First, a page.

What is the symbolism of the forest setting in Lord of the Flies?

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durbanville eNotes educator| Certified Educator

In Lord of the Flies, a group of schoolboys is stranded on a deserted island and, with no "grown ups," it is difficult to know what to do in such extreme circumstances. The boys are conflicted and feel both sheer exhilaration and fear which leads some of them to act irrationally and with no consideration of consequences. Piggy and Ralph try to be what they think they should be and the conch allows them to call order in the confusion. However, Jack never has any real respect for the authority invested in the conch, speaking and acting out of turn and adding to the boys' confusion. Instead of quelling their fears, Jack increases them, compelling them to focus on the beast and its possible representations, on the darkness and the shadows and on the unknown- which is one of the representations of the forest or jungle.

The forest also creates conflict as, apart from the unknown, it is the major source of food- fruit and the pigs- and its trees make good shelters and its undergrowth makes a good resting place. Simon takes refuge there and ultimately, Ralph will hide there. So it is also representative of the possibilities that exist and reveals that it is what the boys do with the opportunities presented to them which defines their future.  

These boys have never had to make life-changing decisions for themselves and they have not had to feel the effect of poor decisions or real failure as they have always been able to rely on adults. Now, if they forget the fire, it's going to change everything; if they don't have some kind of order, they cannot build shelters, care for each other and plan for rescue and if they do not work together, they can never overcome their fear of the unknown.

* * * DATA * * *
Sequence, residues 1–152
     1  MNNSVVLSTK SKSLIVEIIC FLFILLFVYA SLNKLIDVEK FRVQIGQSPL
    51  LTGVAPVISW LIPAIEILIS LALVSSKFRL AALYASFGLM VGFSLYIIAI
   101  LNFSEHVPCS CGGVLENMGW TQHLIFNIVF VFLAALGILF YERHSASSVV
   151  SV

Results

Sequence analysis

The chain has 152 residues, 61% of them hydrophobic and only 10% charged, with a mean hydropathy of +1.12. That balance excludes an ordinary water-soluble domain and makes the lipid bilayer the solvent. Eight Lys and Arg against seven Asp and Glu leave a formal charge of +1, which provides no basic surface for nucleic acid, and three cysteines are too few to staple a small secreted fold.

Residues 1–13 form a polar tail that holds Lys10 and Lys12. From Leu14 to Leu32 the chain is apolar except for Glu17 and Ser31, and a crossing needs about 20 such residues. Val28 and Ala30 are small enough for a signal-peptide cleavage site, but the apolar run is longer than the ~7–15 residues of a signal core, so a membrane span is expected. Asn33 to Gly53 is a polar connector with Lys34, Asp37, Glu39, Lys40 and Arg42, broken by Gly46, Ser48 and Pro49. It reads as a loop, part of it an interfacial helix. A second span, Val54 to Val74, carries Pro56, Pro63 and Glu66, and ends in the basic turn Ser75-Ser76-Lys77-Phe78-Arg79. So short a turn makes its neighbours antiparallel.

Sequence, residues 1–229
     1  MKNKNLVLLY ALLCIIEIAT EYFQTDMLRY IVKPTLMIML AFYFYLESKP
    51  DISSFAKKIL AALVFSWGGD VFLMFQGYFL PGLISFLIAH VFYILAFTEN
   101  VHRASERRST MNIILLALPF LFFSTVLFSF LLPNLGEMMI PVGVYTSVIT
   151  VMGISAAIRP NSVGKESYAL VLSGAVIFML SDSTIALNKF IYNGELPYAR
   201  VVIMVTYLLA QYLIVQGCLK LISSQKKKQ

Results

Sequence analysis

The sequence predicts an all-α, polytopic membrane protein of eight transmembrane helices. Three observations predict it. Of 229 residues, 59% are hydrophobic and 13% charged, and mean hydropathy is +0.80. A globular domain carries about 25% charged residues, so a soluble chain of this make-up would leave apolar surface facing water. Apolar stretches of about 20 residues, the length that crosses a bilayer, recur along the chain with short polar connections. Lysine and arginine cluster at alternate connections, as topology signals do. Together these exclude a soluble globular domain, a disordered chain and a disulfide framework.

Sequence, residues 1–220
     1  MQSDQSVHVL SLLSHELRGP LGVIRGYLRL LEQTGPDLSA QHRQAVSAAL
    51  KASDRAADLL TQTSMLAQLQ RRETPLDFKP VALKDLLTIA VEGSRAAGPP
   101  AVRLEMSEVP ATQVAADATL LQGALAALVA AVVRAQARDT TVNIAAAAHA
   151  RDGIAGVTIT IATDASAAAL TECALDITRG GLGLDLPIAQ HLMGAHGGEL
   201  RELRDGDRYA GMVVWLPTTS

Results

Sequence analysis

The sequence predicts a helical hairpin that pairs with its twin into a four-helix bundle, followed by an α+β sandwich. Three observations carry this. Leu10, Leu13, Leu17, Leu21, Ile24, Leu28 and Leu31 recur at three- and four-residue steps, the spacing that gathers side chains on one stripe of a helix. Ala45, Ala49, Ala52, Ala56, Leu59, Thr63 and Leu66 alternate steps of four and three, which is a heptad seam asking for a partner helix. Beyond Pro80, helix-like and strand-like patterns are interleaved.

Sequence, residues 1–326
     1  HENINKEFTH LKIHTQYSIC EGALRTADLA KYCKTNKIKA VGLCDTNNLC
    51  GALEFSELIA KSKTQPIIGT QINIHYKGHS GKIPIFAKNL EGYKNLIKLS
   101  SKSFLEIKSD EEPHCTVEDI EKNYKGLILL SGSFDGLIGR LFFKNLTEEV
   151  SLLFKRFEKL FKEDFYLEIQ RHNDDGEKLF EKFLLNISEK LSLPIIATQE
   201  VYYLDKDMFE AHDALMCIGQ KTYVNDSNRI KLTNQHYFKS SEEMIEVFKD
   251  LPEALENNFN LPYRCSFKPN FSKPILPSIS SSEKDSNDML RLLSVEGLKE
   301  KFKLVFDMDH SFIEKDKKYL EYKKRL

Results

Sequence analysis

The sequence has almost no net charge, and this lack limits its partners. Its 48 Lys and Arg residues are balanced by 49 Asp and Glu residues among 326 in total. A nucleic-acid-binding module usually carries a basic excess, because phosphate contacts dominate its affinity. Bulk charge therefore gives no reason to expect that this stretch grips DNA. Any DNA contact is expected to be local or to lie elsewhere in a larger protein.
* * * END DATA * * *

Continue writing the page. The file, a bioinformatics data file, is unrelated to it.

Even when Jack explores the forest, there are still elements that remain a mystery to him. He thinks that, if the beast existed, he would have seen it but, in reality, Jack sees only what he wants to. The forest then is the stumbling block to progress but it is also the very provider increasing the boys' struggle with their inner selves. It houses the beast, it is very dark and ominous and it changes from a fascinating to a terrifying place, depending on the shadows and the boys' state of mind. It represents the ultimate collision between what the boys should do and what they actually do. 

Kristen Lentz eNotes educator| Certified Educator

The jungle in Lord of the Flies symbolizes fear and savagery.  During the day, the jungle is difficult with its tangle of creepers and dense growth, but at night travel through the jungle was unthinkable to the boys.  The darkness became absolute, uncanny in its ability to cast shadows and hide possible monsters or beasts.  Early on in the novel, Ralph warns the boys against wandering needlessly in the jungle for their own protection and safety. 

As the novel progresses, the jungle breeds and encourages the savagery within the boys; the forest becomes the suspected dwelling place of the Beast as well as the focal point of the boys' savage hunts and the brutal killing of the sow.  Golding also reveals his symbol for "man's inherent illness" deep in the heart of the forest--the depraved Lord of the Flies.  

academicelitist | Student

I think it symbolizes fear---

"From the beginning of the novel, the boys struggle with fear of the unknown."

They fear what they cannot see, the parts of the island they haven’t explored...this has a large “unknown” element; they can’t see in the dark FOREST, they don’t know what’s on the island, etc...

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Lord of the Flies

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